The “accurate, right answer” is that your life is going to get worse because you’ve fallen beneath the threshold for wages. This is how a well-sourced reporter summarizes the consensus of the Democratic nominee’s policy team. And we wonder why so many voters disdain elite expertise.
Of course, no politician would ever phrase Davidson’s argument in such stark terms. But his basic premise — that the economic decline of America’s non–college educated workers is an inexorable fact of economics — is often implied in the rhetoric of Democratic politicians.
Levitz goes on to argue that policy makers have chosen not to try to protect the American working class from the effects of globalization and free trade, while at the same time they’ve been willing to shield professional class workers from competition:
Both Republican and Democratic administrations entered trade agreements designed to put downward pressure on the wages of domestic manufacturing workers. This was a deliberate choice and not a foregone conclusion — these same governments did not subject professional workers to similar international competition. As economist Dean Baker notes, our trade deals could have established clear standards that would allow “students in Mexico, India, and China to train to U.S. levels and then practice as professionals in the United States,” thus providing enormous savings to consumers in the form of cheaper health care and legal fees. But policymakers decided that maintaining the living standards of our professional workers was more important than consumer savings. They reached the opposite conclusion about the living standards of our blue-collar labor force.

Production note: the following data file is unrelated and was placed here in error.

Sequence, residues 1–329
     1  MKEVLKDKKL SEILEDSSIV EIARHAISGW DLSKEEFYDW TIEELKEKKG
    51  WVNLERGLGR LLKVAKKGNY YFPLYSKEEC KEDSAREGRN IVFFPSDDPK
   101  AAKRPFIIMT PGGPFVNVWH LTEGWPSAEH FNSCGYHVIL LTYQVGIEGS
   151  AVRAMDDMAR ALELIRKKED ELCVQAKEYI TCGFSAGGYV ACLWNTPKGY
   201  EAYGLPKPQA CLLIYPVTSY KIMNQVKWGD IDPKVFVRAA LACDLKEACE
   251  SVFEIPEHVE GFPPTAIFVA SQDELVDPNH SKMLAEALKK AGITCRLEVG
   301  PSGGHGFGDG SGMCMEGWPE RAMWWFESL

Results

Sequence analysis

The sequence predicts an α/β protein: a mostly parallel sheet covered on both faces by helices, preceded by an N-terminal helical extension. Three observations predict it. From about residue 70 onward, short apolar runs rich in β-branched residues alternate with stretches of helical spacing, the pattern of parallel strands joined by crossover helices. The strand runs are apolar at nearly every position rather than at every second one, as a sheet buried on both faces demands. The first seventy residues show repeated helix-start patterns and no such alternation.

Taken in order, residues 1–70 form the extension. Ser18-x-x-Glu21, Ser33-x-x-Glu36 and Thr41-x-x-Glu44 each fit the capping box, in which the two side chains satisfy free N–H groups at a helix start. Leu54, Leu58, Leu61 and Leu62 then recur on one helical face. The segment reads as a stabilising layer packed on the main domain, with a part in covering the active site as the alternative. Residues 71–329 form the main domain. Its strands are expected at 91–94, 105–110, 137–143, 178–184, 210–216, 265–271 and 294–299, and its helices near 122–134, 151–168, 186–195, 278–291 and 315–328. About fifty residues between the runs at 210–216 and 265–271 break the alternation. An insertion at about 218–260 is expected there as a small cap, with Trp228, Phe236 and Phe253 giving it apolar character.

At the same time, these governments did little to compensate the “losers” of globalization; made it more difficult for workers to unionize; and further decreased their leverage over employers by cutting the social safety net. This policy framework has left non–college educated workers — a group that makes up 65 percent of our labor force — with a median wage $1.30 lower than it was in 1980.
While I agree with a lot of Levitz’s analysis of the broader problem of stagnating wages, he exaggerates the extent to which middle class and even upper class workers below the top 1% or perhaps 5% have had their wages protected from the forces of globalization. Certainly lawyers have not had their wages protected by government policy: the average lawyer makes less money today than 20 years ago. And as the statistics Krugman cites indicate, median earnings for professional class workers have declined since the 1990s.